Amazon is doing great damage to tax paying retailers. Towns, cities and states throughout the U.S. are being hurt-many jobs being lost!— Donald J. Trump (@realDonaldTrump) August 16, 2017
Just four hours later, this statement had been retweeted nearly 9,000 times, while also garnering more than 31,000 "likes" and 17,000 replies from other Twitter users. Trump clearly hit a nerve, here.
That's not always the same as hitting his mark, though. Let's run some numbers to fact-check Trump's inflammatory tweet.
By the numbers
Let's start with the central argument of Trump's tweet. Is the American retail employee really a dying breed?
According to data from the Bureau of Labor Statistics, that's not really the case:
That's the total number of retail trade employees in the U.S. over the last decade, using seasonally adjusted data. The economic crash in 2008 brought the retail industry to its knees for a while, and employment in the sector dropped by 6% before hitting rock bottom in 2010. From there, retailers bounced back to increase their payrolls by nearly 8%. That growth has stalled over the last year, but we're hardly looking at a dead industry here.
Some retailers have fared better than others in the last 10 years. For example, Wal-Mart Stores (NYSE:WMT) increased its employee count by 9.5%, landing at 2 million full-time and part-time workers. Ross Stores (NASDAQ:ROST) doubled its payroll, to 78,600 employees. Sears Holdings (NASDAQ:SHLD), on the other hand, saw its Sears and K-Mart payrolls plunge 58% lower, stopping at 140,000.
Oh, and Amazon's employee tally rose nearly 20-fold -- from 13,900 to 341,400 workers. That's before adding 87,000 Whole Foods Market (NASDAQ: WFM) workers, assuming that the pending $13.7 billion buyout goes through.
What's going on here?
The rising employee counts at Wal-Mart and Ross prove that a well-managed retailer can grow its business, even while Amazon is stealing market share from the bricks-and-mortar shopping sector as a whole. And the retail sector is keeping plenty of workers' feet on the store floor overall, as shown by the government's own data.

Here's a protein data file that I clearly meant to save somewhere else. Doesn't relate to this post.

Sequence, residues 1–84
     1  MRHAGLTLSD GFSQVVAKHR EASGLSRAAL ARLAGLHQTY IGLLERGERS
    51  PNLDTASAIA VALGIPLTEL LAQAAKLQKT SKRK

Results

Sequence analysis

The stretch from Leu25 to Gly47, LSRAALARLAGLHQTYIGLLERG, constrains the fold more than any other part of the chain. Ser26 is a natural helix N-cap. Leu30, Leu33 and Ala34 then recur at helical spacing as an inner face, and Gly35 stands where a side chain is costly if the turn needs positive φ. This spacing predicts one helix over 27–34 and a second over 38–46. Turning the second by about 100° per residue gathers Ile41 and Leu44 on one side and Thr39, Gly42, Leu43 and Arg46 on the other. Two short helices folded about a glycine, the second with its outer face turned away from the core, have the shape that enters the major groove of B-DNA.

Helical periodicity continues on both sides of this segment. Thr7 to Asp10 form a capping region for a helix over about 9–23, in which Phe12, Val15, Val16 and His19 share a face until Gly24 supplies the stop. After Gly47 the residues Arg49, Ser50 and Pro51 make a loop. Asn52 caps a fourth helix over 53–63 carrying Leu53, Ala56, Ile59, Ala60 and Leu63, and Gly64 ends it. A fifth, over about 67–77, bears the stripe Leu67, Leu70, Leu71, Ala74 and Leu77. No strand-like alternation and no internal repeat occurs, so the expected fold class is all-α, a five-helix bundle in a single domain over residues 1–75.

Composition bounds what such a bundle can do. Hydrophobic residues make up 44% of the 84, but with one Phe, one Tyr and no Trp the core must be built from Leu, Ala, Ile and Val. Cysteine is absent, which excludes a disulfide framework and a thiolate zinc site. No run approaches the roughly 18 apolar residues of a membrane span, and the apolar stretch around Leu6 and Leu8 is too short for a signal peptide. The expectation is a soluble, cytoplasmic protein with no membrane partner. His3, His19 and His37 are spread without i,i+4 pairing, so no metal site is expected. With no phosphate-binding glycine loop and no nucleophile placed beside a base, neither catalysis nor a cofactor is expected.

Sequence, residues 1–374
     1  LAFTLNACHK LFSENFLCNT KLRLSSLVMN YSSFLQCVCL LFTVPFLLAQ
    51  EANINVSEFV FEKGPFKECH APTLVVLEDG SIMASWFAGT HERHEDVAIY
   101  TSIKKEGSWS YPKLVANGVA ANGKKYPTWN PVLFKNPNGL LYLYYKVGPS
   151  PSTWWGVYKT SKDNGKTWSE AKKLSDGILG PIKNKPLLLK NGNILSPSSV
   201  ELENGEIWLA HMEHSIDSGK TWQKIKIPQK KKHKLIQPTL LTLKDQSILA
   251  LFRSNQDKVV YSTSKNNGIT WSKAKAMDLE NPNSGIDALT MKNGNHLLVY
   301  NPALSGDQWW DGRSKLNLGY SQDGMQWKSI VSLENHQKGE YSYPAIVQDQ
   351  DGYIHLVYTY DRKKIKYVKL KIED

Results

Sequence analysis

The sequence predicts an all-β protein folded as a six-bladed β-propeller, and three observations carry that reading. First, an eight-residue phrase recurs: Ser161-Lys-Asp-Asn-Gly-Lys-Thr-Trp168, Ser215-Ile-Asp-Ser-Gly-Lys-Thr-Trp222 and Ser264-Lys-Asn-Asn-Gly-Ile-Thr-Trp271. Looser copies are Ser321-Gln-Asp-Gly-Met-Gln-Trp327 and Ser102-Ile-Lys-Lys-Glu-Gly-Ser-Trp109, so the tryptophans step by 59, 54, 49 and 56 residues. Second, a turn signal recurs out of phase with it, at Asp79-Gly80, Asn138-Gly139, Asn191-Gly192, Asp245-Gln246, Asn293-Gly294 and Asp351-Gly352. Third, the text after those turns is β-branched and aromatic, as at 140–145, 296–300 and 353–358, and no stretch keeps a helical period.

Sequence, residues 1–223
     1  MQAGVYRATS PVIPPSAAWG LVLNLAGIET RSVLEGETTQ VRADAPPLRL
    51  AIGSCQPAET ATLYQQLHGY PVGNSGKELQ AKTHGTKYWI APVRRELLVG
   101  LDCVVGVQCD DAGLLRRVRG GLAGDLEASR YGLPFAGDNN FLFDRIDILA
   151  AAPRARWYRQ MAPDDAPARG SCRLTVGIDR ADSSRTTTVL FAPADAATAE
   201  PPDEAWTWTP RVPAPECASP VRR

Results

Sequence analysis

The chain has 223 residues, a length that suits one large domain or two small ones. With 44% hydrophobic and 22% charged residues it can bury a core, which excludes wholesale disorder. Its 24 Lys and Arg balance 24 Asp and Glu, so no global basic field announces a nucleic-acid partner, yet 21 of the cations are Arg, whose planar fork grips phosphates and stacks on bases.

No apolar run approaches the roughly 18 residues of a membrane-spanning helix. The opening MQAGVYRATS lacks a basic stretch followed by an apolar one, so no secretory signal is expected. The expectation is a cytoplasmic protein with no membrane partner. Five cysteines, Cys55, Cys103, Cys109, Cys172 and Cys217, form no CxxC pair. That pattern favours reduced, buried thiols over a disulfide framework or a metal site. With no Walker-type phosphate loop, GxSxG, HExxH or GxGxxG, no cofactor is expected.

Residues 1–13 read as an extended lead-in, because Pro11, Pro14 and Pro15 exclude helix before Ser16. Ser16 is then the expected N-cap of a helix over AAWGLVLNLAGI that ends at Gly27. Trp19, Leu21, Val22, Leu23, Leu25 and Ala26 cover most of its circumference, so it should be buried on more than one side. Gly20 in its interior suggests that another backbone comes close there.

Sears is the poster child for failing retailers these days, but that's due more to gross mismanagement than to Amazon stepping in to attack that company in particular.
If Amazon is guilty of anything, it would be of making consumers expect lower retail prices in general. The retail chains that have held up well under this pressure tend to specialize in low-cost goods, leaving many upscale specialists withering as their profit margins dwindle. It is almost impossible to find a large old-school retailer whose operating margins haven't faded over the last five years.
Trump entered the White House based on a message of business-friendly policies and an understanding of what makes American businesses tick. However, this tweet only shows him to be out of touch with the retail industry's actual state of health and with the forces that are driving retailers into a new era. If you can compete with Amazon and its online peers based on price and convenience, you'll do fine. Ross is doing it without much of an e-commerce strategy, after all.
Killing Amazon's e-commerce business by hook, by crook, or by draconian policies would do nothing to revitalize the American mall -- other low-cost shopping solutions would quickly step in to keep the pressure on. Fresh thinking might, but I'd be a highly paid retail consultant if I knew exactly how.
Stay tuned, Donald. The retail industry will keep evolving whether you like it or not.
John Mackey, CEO of Whole Foods Market, is a member of The Motley Fool's board of directors. Anders Bylund owns shares of Amazon. The Motley Fool owns shares of and recommends Amazon and Twitter. The Motley Fool owns shares of Whole Foods Market. The Motley Fool has a disclosure policy.